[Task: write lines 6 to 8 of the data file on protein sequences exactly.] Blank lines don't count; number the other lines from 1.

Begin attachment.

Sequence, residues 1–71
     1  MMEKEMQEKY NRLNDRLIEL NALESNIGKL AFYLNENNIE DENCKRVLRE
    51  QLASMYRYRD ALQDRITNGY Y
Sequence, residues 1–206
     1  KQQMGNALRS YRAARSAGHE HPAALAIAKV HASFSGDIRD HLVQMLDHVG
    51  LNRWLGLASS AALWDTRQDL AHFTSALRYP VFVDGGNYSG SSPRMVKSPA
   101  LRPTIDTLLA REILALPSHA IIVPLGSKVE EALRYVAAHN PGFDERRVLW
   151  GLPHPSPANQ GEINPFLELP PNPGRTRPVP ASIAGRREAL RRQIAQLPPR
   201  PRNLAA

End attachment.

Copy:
    51  LNRWLGLASS AALWDTRQDL AHFTSALRYP VFVDGGNYSG SSPRMVKSPA
   101  LRPTIDTLLA REILALPSHA IIVPLGSKVE EALRYVAAHN PGFDERRVLW
   151  GLPHPSPANQ GEINPFLELP PNPGRTRPVP ASIAGRREAL RRQIAQLPPR